The north Rhône-based house of Chapoutier is distinguished by its commitment to biodynamic viticulture (and Braille labels). Its Côtes-du-Rhône 2001 (£5.99 Waitrose only in the UK) is still extremely youthful. Very chewy and not particularly charming at this stage, it is certainly not short of personality and would be a suitable and inexpensive candidate for cellaring over the next two or three years. The 40 per cent Syrah component gives it a very firm spine at the moment but the produce of 30-year-old bushvines, mainly Grenache, in the superior Côtes-du-Rhône villages of Sablet and Séguret are promising ingredients. Some of the 2001 southern Rhône reds have been allowed to ripen to excessive levels of alcohol but this one is hardly 13 per cent.

Château de Panery La Marquise 2001 Côtes-du-Rhône splits the difference between these two styles, having enough obvious fruit to be drinkable now but is so sufficiently concentrated and chewy that I suspect it will still drink well in a year or two's time - which is not bad for a wine on sale at Majestic for £5.99, or £5.49 if two bottles are bought. (Majestic's Côtes-du-Rhône Villages Sablet 2000 from Domaine de Piaugier at the same price lacks the freshness of the most successful 2001s.)

The southern Rhône's most famous names Châteauneuf-du-Pape and Gigondas are often less good value than well-made Côtes-du-Rhône Villages. Among the Rhônes on offer at Sainsbury's supermarkets in the UK for example, the plump and persistent La Chasse du Pape Grande Réserve 2001 Côtes-du-Rhône at £6.99, is a much better buy than either the Gigondas Payouse 1999 at £9.99 or any of their three Châteauneufs ranging in price from £11.99 to £24.99. Tesco's Finest Gigondas 2001 (sic) is a good example of how a sought-after name can mean slacker standards. The wine is rather light and soft compared to most of the Côtes-du-Rhône Villages recommended here and I would not pay its regular price of £8.99. But it is a fair buy for easy current drinking (not keeping) at its special price of £6.99 throughout July. And the name of the coop that produced it, Les Vignerons des Dentelles, has a certain charm for those who treasure memories of the Dentelles de Montmirail, the rocky outcrop that dominates the Gigondas vineyards.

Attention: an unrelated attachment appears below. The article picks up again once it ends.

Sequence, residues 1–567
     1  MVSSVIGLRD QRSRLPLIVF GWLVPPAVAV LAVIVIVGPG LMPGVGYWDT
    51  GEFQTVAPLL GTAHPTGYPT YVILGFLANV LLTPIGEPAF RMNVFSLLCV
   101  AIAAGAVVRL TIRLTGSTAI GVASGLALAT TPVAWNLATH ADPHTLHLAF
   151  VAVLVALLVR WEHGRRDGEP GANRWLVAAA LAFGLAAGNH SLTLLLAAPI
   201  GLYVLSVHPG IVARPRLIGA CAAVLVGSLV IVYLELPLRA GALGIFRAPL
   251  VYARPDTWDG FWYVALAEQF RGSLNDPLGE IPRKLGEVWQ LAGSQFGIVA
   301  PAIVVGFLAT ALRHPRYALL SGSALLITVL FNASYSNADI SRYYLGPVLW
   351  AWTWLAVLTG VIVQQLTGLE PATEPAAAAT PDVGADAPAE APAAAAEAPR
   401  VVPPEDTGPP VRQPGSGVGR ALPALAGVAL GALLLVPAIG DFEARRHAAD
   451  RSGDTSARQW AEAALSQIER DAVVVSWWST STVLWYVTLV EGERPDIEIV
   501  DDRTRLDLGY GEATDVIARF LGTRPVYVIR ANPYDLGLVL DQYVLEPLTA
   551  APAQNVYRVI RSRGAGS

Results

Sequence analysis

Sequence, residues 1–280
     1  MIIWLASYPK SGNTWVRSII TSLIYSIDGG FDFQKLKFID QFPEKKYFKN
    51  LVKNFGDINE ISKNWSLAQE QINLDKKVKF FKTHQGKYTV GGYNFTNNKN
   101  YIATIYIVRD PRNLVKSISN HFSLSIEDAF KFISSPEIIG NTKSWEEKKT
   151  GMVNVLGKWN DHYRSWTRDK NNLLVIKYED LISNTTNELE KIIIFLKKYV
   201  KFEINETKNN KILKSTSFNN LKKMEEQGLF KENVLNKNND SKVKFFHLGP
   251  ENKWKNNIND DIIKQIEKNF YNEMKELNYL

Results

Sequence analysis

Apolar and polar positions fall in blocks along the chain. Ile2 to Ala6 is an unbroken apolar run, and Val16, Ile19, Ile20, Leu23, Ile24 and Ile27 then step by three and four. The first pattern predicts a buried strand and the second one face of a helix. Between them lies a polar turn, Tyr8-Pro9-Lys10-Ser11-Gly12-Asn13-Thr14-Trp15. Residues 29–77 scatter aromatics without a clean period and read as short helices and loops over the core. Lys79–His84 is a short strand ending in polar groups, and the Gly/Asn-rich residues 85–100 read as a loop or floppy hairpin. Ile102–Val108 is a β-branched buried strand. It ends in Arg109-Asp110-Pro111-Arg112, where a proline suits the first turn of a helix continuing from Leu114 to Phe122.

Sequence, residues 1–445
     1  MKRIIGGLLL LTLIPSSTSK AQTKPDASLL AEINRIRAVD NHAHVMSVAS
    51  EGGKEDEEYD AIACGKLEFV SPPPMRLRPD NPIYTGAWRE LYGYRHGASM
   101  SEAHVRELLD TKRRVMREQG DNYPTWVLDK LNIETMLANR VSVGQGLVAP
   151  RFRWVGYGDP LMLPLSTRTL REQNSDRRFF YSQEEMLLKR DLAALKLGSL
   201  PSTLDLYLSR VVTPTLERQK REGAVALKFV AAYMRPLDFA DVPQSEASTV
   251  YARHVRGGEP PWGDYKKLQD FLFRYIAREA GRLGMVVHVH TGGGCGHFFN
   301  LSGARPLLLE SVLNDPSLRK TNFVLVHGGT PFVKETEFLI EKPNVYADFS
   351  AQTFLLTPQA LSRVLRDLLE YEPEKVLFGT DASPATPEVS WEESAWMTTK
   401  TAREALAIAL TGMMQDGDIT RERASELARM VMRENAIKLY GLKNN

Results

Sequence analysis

So good is the 2001 vintage in fact that I can thoroughly recommend Coteaux de Signac Côtes-du-Rhône Villages 2001, even at £7.19, the price asked by mail-order specialists Laithwaites. This is a delicious blend of Syrah and Grenache with about 20 per cent Carignan made by the very senior and very talented André Roux who used to run Château du Trignon with such aplomb. This was made at the Chusclan coop and won a gold medal at the 2002 Concours des Côtes-du-Rhône Villages.

The terrible flash floods of last summer and their after-effects mean that it is well worth stocking up on 2001 southern Rhônes for both drinking and cellaring as there will be slim pickings next year from the 2002 vintage.

To find a 2001 Côtes-du-Rhône Villages bargain in your area, key those expressions in to WineSearcher.

For my notes on tasting Southern Rhône Reds see purple pages.